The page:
McPherson SQ. • Washington, D.C. • Free
Vol 1 • Issue 1 • November 8, 2011
3 How We Occupy Radical horizontalism,
consensus, and funny hand signals.
Bank transfer: Customers switch to credit unions
By Andrew Breiner & Karina Stenquist People at occupations all over the world are focusing their anger on the consumer banking industry. They are outraged at the massive bonuses handed out after a taxpayerfunded bailout, anxious about the banks’ ability to dictate government policy and fearful that not enough is being done to keep something like 2008’s collapse from happening again. And after the public outcry that caused banks, most notably Bank of America, to retreat from putting new fees on debit card use, consumers are looking for new ways to store their money. At a big bank, large shareholders and the board of directors make the decisions. The bank invests depositors’ money and charges them fees to make as much profit for its shareholders as it can. When someone puts money in a credit union, however, she is a member and an owner. The board of directors controlling investments is made up of elected, unpaid members. The structure of credit unions tends to make them treat depositors well, said credit union historian and proponent Continues on 4
Movement 3 Faces of the
McPherson Square occupiers share their stories.
2 All for One With two occupations
in Washington, D.C., we share one message.
America 3 Letter to
Ditch the old divisions. We can all agree on a few things.
Occupiers camp out in McPherson Square in Washington, D.C. In the month since the occupation began, tents have filled the square, including those offering food, power, information and medical service. (Craig Hudson)
Station 1 Occupy Union
Why we protested a conservation group.
Global 4 Occupy goes
Millions around the globe rise against injustice.
3 Lazy! to a Comebacks
By Sam Jewler Over the past thirty years, the United States as a whole has prospered greatly. A closer examination, however, reveals that only a small sliver of Americans is profiting from this boost in productivity. The vast majority of Americans have seen their incomes stagnate while their opportunities dwindle and their costs rise. US productivity has increased by 72 percent over the last thirty years, but the wealthiest one percent of Americans have increased their real aftertax income by 275 percent, according to a recent study by the
Waking up from the American dream
Congressional Budget Office (CBO)., According to a new study by the Economic Policy Institute, the top 1 percent of Americans claimed 60 percent of all income growth in the last 30 years, with the top .1 percent taking 36 percent of all income growth. The bottom 90 percent claimed just 8.6 percent of all new income in the last thirty years. “The people who have power have adopted policies that skew the rewards of the economy to people with power, and have blocked policies that would lead to shared prosperity,” said Larry Mishel, president of the Economic Policy Institute. “That people aren’t doing well has not been determined by the economy; it’s been determined by politics and policies.” The tax cuts started by Bush and extended by Obama return over $100,000 per year to those making a million dollars per year – a tax break greater than three times the average annual American income, according to the Center on Budget and Policy Priorities. The CBO shows that even as their share of American incomes more than doubled over the last thirty years, the richest 1 percent of families’ effective federal tax rate dropped from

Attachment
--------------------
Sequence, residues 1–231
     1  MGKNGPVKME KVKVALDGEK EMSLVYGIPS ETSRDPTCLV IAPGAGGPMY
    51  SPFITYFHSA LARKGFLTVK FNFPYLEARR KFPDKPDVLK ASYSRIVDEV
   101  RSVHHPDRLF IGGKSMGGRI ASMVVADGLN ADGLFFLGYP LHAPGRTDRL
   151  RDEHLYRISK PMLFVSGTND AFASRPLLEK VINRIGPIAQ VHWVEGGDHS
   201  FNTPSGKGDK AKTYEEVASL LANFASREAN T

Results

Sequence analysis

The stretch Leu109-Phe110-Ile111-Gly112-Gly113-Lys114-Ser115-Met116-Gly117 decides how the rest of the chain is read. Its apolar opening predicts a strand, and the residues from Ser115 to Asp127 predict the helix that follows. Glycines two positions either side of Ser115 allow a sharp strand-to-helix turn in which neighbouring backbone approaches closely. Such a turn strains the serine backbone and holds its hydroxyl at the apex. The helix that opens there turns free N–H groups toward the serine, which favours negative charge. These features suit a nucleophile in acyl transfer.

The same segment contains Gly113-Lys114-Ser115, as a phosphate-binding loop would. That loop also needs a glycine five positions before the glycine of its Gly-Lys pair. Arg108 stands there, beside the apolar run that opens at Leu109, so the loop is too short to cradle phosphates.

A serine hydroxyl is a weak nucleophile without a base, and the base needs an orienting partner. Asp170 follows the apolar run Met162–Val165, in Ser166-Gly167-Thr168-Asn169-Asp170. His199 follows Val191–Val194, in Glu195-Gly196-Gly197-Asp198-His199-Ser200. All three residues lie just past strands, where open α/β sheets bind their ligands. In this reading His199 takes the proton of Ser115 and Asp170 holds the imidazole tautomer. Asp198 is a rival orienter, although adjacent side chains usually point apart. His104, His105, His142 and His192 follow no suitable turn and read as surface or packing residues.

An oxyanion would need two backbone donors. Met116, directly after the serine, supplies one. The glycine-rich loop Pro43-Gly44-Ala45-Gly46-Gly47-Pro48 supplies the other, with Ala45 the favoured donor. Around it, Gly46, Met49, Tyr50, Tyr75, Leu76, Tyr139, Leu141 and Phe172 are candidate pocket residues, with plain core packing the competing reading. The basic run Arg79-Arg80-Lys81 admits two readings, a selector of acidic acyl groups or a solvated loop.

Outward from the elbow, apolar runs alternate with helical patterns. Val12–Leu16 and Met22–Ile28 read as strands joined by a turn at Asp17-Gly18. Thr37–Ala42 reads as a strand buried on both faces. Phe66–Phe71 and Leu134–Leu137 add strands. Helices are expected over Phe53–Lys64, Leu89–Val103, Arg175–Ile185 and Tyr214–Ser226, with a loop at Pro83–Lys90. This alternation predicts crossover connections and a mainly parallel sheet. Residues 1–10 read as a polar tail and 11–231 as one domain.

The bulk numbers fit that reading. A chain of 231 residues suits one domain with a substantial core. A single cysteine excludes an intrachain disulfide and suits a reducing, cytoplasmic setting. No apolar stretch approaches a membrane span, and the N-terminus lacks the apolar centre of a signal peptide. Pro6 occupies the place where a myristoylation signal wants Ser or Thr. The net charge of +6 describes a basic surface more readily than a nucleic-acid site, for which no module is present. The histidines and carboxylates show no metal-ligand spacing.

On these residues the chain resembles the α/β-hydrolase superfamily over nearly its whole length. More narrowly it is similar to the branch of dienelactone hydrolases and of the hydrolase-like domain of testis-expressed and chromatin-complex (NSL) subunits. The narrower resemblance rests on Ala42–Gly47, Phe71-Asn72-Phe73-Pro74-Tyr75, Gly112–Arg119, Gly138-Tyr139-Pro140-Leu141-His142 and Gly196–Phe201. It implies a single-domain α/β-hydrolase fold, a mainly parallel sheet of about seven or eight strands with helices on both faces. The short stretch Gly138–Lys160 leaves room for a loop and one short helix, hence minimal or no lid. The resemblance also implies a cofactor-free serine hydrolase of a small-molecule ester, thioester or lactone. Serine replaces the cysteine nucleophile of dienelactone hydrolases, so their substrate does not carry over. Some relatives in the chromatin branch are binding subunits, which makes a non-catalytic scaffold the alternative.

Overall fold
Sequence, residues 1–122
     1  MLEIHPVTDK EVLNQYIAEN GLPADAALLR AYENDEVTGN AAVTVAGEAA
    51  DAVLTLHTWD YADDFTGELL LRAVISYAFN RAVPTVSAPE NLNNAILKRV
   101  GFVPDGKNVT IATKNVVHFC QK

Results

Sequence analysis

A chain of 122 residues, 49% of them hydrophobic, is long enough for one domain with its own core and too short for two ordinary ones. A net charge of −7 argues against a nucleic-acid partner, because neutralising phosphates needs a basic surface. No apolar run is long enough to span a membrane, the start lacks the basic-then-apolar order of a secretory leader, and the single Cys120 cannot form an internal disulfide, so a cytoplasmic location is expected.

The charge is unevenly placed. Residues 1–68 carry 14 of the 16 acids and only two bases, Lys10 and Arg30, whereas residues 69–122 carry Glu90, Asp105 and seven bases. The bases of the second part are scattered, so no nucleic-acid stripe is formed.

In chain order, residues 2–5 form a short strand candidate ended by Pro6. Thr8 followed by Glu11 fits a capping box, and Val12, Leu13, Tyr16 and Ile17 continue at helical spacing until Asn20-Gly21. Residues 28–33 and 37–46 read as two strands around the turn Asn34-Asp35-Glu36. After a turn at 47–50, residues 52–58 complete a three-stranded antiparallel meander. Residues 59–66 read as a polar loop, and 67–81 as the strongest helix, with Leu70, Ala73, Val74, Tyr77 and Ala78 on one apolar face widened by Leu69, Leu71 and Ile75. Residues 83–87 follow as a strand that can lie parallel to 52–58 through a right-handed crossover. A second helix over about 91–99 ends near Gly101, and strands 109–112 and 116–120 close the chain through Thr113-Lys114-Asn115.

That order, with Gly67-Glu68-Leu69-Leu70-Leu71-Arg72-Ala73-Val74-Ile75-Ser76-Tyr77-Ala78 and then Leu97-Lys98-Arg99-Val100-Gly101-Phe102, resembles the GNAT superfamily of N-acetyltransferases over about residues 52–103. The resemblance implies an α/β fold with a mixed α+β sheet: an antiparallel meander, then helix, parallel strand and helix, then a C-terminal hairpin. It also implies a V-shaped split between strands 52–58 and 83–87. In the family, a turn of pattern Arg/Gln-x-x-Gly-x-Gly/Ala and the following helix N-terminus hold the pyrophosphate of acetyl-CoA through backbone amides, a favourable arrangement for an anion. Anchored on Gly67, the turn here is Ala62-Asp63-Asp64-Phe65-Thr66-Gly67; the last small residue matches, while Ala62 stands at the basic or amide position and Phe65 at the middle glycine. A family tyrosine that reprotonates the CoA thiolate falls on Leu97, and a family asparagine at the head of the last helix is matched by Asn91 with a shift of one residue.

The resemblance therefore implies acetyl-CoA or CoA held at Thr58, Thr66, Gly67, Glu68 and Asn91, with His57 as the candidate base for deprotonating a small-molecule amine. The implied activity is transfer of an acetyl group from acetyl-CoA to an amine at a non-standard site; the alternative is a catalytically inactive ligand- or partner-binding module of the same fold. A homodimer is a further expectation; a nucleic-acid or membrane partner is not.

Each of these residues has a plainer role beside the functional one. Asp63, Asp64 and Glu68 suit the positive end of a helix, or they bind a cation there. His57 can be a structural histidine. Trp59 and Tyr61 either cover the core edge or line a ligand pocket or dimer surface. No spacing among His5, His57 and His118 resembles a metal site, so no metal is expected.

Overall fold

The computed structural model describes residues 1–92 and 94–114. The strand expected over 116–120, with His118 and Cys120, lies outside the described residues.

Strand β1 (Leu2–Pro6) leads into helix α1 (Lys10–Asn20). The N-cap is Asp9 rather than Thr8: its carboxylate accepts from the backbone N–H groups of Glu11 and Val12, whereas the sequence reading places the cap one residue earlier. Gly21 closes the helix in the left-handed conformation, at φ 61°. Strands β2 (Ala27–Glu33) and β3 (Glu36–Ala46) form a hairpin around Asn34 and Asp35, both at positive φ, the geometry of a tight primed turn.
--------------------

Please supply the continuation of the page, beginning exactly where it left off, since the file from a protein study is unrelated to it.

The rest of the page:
37 percent to 29.5 percent. “People making ten, twenty million dollars per year are all government welfare recipients,” said Dean Baker, codirector of the Center for Economic and Policy Research. “Without the government running to their assistance, Citibank would be bankrupt today, Goldman Sachs would be bankrupt today – most of Wall Street would not exist today. And that’s true of many, many sectors of the economy.” Baker cited pharmaceuticals as an example, saying drugs would be one-tenth of their current continues on 2
The Occupied Washington Times is funded entirely through individual donations. We receive no money from the Occupy DC general assembly. Please visit www.occupydc.org/ newspaper and sustain our publishing.
By Pete Tucker After the mayor and D.C. council chair, Ward 2 Councilmember Jack Evans may be the city’s third most powerful elected official. As the longestserving member of the D.C. Council and chair of the all-important Finance and Revenue Committee, he has significant sway over how the city spends its money. Not only is Evans influential, he’s also wealthy. In addition to his $125,000 council salary, Evans earns $190,000 a year from Patton Boggs, the powerhouse K Street lobby firm. But it’s unclear what the councilmember does to earn his second six-figure salary. His Patton Boggs bio used to say, “Mr. Evans advises clients on real estate matters.” However, that sentence was removed shortly after this reporter’s January 2010 column in the Washington Post. In his decade as Finance Committee chair, Evans has played a leading role in “real es-
Jack Evans of Ward 2 brings corporate influence to City Council